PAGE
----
The number of my friends who suffer with depression is staggering. The number of my former colleagues (physicians) who are depressed is also staggering! I find myself wondering whether this is a new phenomenon or tied to Covid, politics and the media’s new role (BREAKING NEWS scrolling across our TV and computers every 15 minutes). Whatever the cause, depression should be treated aggressively. Unfortunately, most depressed individuals will neither admit to depression nor treat it.
Are you depressed? I once asked a patient that very question. Her answer was an emphatic, “NO!” She had all the signs of depression as well as a multitude of depressing problems, yet she appeared angry that I would suggest such a diagnosis. Her response was a typical one. Depression is accompanied by an ancient stigma. Admitting to depression is like admitting to a character flaw or weakness. A diagnosis of depression can have a significant, negative impact on your career and inter-personal relationships. This particular patient was deeply entrenched in her denial. I gave her a choice. “Mrs P., your choice is to be depressed or insane. Your story is so sad that it depresses me. If you are not depressed, then you must be insane. Any sane person I know would be depressed given your circumstances.” She chose the diagnosis of depression and eventually accepted treatment. (She’s doing well.)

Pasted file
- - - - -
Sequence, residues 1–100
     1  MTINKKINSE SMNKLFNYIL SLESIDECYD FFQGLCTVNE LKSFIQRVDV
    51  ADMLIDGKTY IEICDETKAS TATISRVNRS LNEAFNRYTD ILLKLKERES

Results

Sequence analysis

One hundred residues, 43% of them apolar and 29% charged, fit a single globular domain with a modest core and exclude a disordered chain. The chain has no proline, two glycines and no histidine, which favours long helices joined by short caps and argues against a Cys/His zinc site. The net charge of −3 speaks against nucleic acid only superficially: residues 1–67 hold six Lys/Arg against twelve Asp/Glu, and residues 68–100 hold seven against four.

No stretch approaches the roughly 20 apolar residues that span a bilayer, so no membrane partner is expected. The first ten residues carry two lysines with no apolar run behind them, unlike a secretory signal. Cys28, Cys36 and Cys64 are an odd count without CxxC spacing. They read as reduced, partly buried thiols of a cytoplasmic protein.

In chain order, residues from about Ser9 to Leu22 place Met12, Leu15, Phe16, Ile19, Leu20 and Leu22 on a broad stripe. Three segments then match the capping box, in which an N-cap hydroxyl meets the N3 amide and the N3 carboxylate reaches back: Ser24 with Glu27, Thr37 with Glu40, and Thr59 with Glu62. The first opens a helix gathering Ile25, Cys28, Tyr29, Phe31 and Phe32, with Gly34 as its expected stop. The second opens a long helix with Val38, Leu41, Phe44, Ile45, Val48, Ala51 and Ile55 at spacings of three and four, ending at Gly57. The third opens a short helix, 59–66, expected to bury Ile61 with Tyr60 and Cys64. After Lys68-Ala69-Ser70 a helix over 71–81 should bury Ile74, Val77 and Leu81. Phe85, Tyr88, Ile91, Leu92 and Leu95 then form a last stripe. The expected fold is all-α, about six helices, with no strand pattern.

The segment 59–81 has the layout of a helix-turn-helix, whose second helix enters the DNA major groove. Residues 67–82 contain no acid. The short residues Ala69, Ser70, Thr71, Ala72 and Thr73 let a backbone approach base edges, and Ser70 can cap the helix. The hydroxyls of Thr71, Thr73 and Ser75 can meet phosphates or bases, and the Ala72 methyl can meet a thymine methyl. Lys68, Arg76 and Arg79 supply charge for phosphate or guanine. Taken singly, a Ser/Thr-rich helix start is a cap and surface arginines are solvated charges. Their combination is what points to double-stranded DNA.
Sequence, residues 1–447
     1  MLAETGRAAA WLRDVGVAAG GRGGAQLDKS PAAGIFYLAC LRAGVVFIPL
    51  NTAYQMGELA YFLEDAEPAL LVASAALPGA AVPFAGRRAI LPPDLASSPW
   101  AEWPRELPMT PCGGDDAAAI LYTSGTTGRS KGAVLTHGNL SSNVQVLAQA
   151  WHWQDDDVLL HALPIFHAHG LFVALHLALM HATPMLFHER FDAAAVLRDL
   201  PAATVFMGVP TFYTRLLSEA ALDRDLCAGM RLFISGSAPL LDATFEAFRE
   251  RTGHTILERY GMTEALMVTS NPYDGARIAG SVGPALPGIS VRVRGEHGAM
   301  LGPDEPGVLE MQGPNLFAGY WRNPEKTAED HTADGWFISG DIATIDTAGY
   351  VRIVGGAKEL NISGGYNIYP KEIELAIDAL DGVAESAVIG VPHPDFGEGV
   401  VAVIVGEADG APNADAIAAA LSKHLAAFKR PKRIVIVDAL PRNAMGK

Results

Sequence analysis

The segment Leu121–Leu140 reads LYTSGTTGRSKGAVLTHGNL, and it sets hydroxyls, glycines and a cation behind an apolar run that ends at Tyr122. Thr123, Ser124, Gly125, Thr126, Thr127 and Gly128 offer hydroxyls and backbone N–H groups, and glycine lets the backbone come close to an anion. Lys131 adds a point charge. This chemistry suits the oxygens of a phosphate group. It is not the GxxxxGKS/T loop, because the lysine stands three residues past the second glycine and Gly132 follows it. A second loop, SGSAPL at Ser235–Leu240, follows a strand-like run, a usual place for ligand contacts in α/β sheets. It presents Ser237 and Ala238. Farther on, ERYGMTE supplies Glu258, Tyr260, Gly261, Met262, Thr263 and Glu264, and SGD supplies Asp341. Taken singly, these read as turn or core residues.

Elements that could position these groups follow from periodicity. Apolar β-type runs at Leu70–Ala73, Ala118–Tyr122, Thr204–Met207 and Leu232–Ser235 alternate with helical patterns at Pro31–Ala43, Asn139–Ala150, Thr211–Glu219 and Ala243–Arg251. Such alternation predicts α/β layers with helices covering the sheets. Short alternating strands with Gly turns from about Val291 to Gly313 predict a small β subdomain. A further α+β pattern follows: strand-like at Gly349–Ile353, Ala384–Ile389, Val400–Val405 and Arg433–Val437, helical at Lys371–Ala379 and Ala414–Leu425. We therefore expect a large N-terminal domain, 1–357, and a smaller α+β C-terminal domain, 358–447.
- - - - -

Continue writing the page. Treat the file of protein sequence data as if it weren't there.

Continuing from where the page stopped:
As a physician, I can tell you that once you’ve gotten a patient to accept a diagnosis of depression, you then have to get them to accept therapy (medication, counseling, etc.) Making the diagnosis is fairly simple. Getting the patient to accept the diagnosis is difficult. Getting the patient to accept help and treatment is nearly impossible.
When my doc told me I was depressed my response was, “DUH!” Hurdle number one was easy, diagnosis made and accepted. When she offered pills and counseling, she hit a wall. I was already on a shitload of pills with a host of side effects. Further, I explained that I had spent 30 years counseling patients and didn’t think counseling was going to be worthwhile. Ultimately, I gave in and started on meds and in counseling. I ended teaching the counselor. The meds I agreed to take did not help.
What I’ve found is the best antidepressant in the world is time spent with my grandchildren and their parents. Second best is cruising North Carolina country roads on sunny days in a convertible. Third best on my list is eating. Unfortunately, the side effects of eating are weight gain and obesity which then lead to more depression (in my case, anyway). Certainly, treating the underlying disease would be helpful (if successful). Parkinson’s is a mean adversary. Fourth on my list of non-medicinal therapies is watching my garden grow.
In March, I’m scheduled for DBS (neurosurgery) in a final attempt to slow the ravages of Parkinson’s. My garden guru will plant my vegetable garden and tend to it while I recover. Renee will drive me around with the top down while I recover. Luckily, she’s a racecar driver, taking curves at max speed and making every excursion an exciting experience.
If you are depressed, talk to your doc. Certainly, meds and counseling can help. What works for me may not work for you and what failed me may help you. The important thing is being open to help.
Here’s today’s joke:
I was having issues in my personal and professional life. I hated everyone. I was on the brink of a mental breakdown and depression. I decided to see a therapist about it. The therapist suggested that I should write letters to the people I hate and then burn them. I must admit I feel much better…
But now I don’t know what to do with the letters.